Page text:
Upgrading the Rib

So the Moody arrived with an Avon 340 rib, with no engine. Unfortunately, Maria has an unfortunate history with inflatables and seems to lack the ability to get in or out elegantly, she has the same problem with Lotus Elise’s ūüôā

We knew if we were going to have a tender that Maria would be comfortable with in any weather then we would need to look at improving or changing. ¬†Maria is not a fan of the jockey console and we know people who have found these uncomfortable. I’m sure Maria’s reason is linked to their similarity to motorbike seats and her dislike of these for safety on the roads. So we would be looking at a bench seat and a standalone console. I looked at pricing these up from¬†Outhill¬†who had a vast range for a number of ribs. ¬†The ones for our Avon would fit and do the job. ¬†When I started pricing up these, including fitting and a new engine, the price was increasing rapidly. ¬†Although the Avon was five years old, it had hardly been used, but we explored alternatives thinking we would sell the Avon.

Mariadz is fitted with 300kg Simpson Davits which are excellent and how the rib is normally stowed. However, these are rated for 150kg each and I was keen that we wanted to be well within the limits of the davits. There were several reasons for this. ¬†Firstly, it was likely that the rib would be used for rubbish etc on passage, there was likely to be a cover for the rib which would be in addition to the weight of the rib and engine. ¬†Finally, water weighs a lot and a rib can hold a lot of water and I was concerned in case this happened for whatever reason, because it was likely that the weather wouldn’t always be good there would be a lot of water flying around! We didn’t think we could extend beyond the 340cm that the Avon had been since this did occupy the stern.

Having considered a number of manufacturers and gone to the boat show, we looked at the Walker Bay Genesis series. imageThese are super lightweight and have a shape that seems to push water to the side rather than up, over and in my face. With a 20hp Suzuki motor (power start, power lift, remote steering) the whole setup was 150kg (ish) and I was comfortable that this was well within our limits. ¬†On the advice of Dan Cross at Boatsmart, we decided to have the thin-profile throttle which looks a lot smarter and navigation lights. As part of the deal for the motorhome we agreed that they would deliver the Rib when they collected the BMW which we had traded as a deposit for our motorhome. This saved us the delivery fee, the cost of fitting a tow and buying a trailer, or of sailing the boat to the South Coast to collect it. ¬†imageThe delivery went without a hitch and the “lads” at Ipswich Haven Marina (you know who you are Phil et al…), took her in the big lifting cradle to put her in for us. Of course we went through the mandatory first time problems. Where is the lock for lowering the engine? Also being unable to start the engine through a combination of not pumping through fuel or not having the fuel cut off line inserted. Eventually she started and we took her back to Mariadz to become the new tender.

We have read a lot of blogs and have seen that quite often people will look to see what Ribs are tied up on the pier because this is a sure sign that the mothership is unoccupied. For this reason we were keen that the “tender to” signage was not too prominent. On speaking to our insurance company they were comfortable with her being named in her own right and having t/t Mariadz on it and so we engaged Geoff at Atlantic-signs again to help us.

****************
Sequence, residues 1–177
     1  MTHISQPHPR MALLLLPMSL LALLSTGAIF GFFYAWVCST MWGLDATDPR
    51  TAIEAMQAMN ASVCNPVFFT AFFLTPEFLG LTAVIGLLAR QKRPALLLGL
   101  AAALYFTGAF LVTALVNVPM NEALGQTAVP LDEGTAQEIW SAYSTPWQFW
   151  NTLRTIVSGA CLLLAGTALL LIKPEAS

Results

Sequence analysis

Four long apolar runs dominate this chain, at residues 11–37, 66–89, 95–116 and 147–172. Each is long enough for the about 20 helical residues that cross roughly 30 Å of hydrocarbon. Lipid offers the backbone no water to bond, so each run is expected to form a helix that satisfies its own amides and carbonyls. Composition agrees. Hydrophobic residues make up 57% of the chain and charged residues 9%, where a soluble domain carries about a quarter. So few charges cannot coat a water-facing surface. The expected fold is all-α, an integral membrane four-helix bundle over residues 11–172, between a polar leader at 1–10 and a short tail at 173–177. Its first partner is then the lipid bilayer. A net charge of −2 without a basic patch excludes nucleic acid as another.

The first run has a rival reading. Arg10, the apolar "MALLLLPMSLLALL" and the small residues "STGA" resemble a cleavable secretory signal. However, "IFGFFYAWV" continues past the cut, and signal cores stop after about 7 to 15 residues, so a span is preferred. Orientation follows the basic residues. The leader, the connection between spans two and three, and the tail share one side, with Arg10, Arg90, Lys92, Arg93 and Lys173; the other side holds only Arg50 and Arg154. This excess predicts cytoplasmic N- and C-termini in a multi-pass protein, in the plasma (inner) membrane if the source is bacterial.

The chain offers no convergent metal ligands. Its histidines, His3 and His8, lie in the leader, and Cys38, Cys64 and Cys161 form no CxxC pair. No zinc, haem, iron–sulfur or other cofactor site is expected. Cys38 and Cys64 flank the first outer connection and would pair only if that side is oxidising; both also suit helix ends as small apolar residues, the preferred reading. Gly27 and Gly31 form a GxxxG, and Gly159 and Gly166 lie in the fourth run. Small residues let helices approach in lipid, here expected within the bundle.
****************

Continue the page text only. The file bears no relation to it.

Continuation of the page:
But what to call her? As I’m sure you know Mariadz is not named after Maria’s intentions when she met Adam! And we have two feline crew…..so the Rib is called Connie after Clyde and Bonnie. So the decision was made and Connie, t/t Mariadz was named.

As you can see from the photo above Maria is comfortable to get in and out of this one ok :). And, as you do in these situations, we both had a little play while we got used to the new rib.image

So play time was over and it was time to bring up the Rib onto the davits recently vacated by the sold Avon. ¬†This is where the fun started. The lifting points were in different places to the Avon and the internal shape of the boat meant that the chain that we had to attach the lifting mechanism to the Rib was the wrong length. ¬†This resulted in much cursing and several trips to fox’s chandlery¬†we finally got the chain to the right length with the right connectors so we could lift the rib.

At this stage the davit mechanism’s started slipping but that is a whole different story for another time…..

So our final enhancements were to add a portable plotter with built in GPS so that we also knew the speed she was doing, we wouldn’t want to break any rules. She is now fitted with an anchor and ready to go.



Davits – overhaul

We had spent a long time selecting our rib to make sure that we didn’t overload the davits which are 300Kg Simpsons Davits.¬† We selected a rib that weighted less than 100kg and an engine that meant that all-in we were at less than 50% of the maximum load of the davits.

It was therefore somewhat of a surprise then, when one of the first times that we lifted the new dinghy, the davits started to slip and wouldn’t lift the rib.¬† On inspection, we found that the gears inside the davits were sheared.¬† This was clearly something that had happened at some stage in the past since there was very little fresh damage on the gears.¬† As for the cause of the problem, we suspect that the davits had been overwound and this had caused the damage on the gears.¬† We were able to get these replaced but need to make sure that we don’t repeat the mistake by continuing to wind in the cable when it is already at the top.IMG_1438